Posted Tue Oct 4th by Monty
Six observations from Sunday’s 23-49 loss to the Green Bay Packers.
1. John Fox kept Tim Tebow sidelined in the fourth quarter, with the game out of hand, and it made it absolutely no sense.
The Denver Broncos, down 49-17 with 7:46 left in the game, were not coming back from a 32-point deficit. Any hope of Kyle Orton lifting the team on its shoulders and delivering a comeback win with eight minutes left in the fourth quarter was out the window.
Yet there head coach John Fox went, trotting out his Best Chance to Win when there was No Chance. Meanwhile, Tim Tebow, potential franchise quarterback in dire need of some real-game snaps in Fox’s system, sat on the sideline, likely staring intently at a clipboard.
I’m not saying Tebow should be the starter. I’m just not there yet, folks. I’ve seen the kid practice and I’ve seen him in the preseason. I see “potential” (and that only sometimes). I don’t see “production.”
But that is exactly why the fourth quarter against Green Bay provided the perfect, disappointingly unused opportunity to see if one “p” could become the other. Even Packers fans were chanting “TE-BOW!”, for crying out loud.
Fox’s hilarious explanation after the game was that Orton needed more reps. “We need our starting quarterback to get experience for us to improve,” Fox said. “That’s the idea behind that. You know he needs to get better in our system.”
You know who else needed to get better in your system? Andre Goodman, Cassius Vaughn, Brian Dawkins, and Rahim Moore. The Broncos secondary was abused. Yet that didn’t give you pause when were you trotting out Chris Clark and other backup DB’s with the game out of line.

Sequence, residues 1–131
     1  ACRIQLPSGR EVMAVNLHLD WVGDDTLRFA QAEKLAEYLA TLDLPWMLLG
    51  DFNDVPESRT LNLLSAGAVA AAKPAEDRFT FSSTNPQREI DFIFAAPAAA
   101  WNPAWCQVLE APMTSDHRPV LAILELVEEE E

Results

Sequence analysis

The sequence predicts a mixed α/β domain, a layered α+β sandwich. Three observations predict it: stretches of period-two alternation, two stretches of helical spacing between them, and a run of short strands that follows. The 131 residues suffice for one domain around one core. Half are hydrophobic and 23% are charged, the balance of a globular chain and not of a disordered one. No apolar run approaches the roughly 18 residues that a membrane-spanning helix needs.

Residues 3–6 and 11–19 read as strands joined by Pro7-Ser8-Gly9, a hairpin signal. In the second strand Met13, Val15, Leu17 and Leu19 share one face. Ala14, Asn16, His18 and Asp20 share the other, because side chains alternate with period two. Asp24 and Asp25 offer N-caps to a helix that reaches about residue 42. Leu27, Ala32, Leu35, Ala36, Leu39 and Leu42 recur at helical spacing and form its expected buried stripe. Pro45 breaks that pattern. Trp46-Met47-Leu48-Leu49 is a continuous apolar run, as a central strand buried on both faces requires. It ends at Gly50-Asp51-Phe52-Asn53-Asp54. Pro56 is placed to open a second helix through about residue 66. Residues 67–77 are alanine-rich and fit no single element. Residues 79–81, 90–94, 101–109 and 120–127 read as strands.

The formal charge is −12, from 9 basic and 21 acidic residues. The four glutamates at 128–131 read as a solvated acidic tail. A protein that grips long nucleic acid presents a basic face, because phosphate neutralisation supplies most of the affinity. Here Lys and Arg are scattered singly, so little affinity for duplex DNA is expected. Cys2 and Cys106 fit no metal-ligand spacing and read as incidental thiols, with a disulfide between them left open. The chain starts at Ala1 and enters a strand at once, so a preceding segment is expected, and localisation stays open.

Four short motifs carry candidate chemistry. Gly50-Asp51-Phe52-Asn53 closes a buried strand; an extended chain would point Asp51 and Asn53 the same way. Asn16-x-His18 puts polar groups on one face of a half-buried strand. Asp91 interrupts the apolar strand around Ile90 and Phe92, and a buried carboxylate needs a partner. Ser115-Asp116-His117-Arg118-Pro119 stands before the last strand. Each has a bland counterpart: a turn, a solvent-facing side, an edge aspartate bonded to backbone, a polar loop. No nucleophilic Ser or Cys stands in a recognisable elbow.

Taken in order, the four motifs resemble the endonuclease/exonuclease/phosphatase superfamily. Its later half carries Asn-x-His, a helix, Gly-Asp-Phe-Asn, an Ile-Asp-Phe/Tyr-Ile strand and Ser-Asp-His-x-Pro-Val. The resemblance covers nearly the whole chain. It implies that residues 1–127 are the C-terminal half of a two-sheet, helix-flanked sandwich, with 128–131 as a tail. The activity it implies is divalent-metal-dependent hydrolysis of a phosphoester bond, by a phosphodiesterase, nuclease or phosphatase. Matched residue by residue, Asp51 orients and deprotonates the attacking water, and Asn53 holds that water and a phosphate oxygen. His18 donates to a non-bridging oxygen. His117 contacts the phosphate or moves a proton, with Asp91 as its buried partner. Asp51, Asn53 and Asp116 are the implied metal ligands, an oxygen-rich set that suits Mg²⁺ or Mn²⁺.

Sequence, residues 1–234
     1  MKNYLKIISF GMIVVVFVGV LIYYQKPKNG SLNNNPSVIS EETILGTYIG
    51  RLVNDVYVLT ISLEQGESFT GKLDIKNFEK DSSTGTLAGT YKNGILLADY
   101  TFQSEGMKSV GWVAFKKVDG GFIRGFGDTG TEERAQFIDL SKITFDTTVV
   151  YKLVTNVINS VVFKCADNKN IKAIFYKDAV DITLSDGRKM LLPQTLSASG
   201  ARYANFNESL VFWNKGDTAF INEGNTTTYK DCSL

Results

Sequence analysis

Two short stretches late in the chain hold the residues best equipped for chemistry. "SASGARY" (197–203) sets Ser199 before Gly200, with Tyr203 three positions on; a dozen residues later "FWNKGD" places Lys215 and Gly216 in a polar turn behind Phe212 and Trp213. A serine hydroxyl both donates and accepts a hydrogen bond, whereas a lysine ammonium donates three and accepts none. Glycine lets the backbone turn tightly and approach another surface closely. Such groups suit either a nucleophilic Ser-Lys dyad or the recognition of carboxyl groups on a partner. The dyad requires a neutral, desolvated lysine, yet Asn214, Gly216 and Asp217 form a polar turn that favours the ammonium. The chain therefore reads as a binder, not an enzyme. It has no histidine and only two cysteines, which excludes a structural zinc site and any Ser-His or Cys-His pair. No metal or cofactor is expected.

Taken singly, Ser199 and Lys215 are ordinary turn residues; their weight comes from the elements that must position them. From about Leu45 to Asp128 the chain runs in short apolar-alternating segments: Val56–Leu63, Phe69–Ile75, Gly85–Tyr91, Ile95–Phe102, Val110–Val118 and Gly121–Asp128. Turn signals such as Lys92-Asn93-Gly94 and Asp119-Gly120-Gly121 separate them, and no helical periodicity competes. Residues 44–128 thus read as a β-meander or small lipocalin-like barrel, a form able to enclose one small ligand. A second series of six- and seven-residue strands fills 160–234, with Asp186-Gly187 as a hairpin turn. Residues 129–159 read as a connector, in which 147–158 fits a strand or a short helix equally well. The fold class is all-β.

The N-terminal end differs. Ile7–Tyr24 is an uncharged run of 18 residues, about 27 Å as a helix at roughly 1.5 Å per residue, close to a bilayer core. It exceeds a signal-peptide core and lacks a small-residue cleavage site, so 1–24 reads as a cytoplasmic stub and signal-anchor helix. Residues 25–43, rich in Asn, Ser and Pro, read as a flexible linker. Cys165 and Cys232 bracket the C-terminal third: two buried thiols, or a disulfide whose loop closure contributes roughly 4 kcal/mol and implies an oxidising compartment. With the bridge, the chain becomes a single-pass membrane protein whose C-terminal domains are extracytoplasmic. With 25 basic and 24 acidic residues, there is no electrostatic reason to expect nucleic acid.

John Fox showed a willingness to invest game action in the development of his young defensive backs. He was not willing to make any such investment in Tim Tebow. One wonders why.
2. Orton’s pick-six was really the turning point of the game
Don’t tell me that Kyle Orton’s three interceptions cost the Broncos the game, because the last two were more or less meaningless. You take chances when you’re down by 20 in the fourth quarter you wouldn’t otherwise. Am I excusing those picks? No. I’m simply countering the mass’s argument before it gets there.
But you can tell me, and I’d agree, that his first interception was brutal, and a game-changer.
The Broncos had a bit of momentum before Orton’s underthrown ball was jumped by 2008 Defensive MVP Charles Woodson and returned 30 yards for a touchdown. It’s true that Aaron Rodgers had just hit Jordy Nelson for a 50-yard touchdown, but before that, the Broncos had a fourth-down stop and a long field goal drive of their own. They were still clearly in the game.
Orton’s pick-six changed the game’s entire dynamic. The Packers’ surprise onside kick that followed was a brilliant, aggressive move by Mike McCarthy to knock the wind out of Denver’s sails, and it worked. They were down 21-3 in what felt like an instant.
I was happy to see the Broncos claw their way back from that. They fought back to 21-17 with two minutes until the half. But then Rodgers sandwiched halftime with touchdown scores, and the Broncos were down 35-17 when the offense got the ball again. The game had gotten out of line.
Fox said he was also glad to see his team fight back through that initial fire.
“Our offense got off to a rough start as did all the Broncos, but our team fought back to make it 21-17,” said Fox. “Two drives, and only one play on offense later, it was an intentional kneel down and it’s 35-17.”
If Orton doesn’t throw that first quarter flop, maybe things don’t get out of line in the first place.
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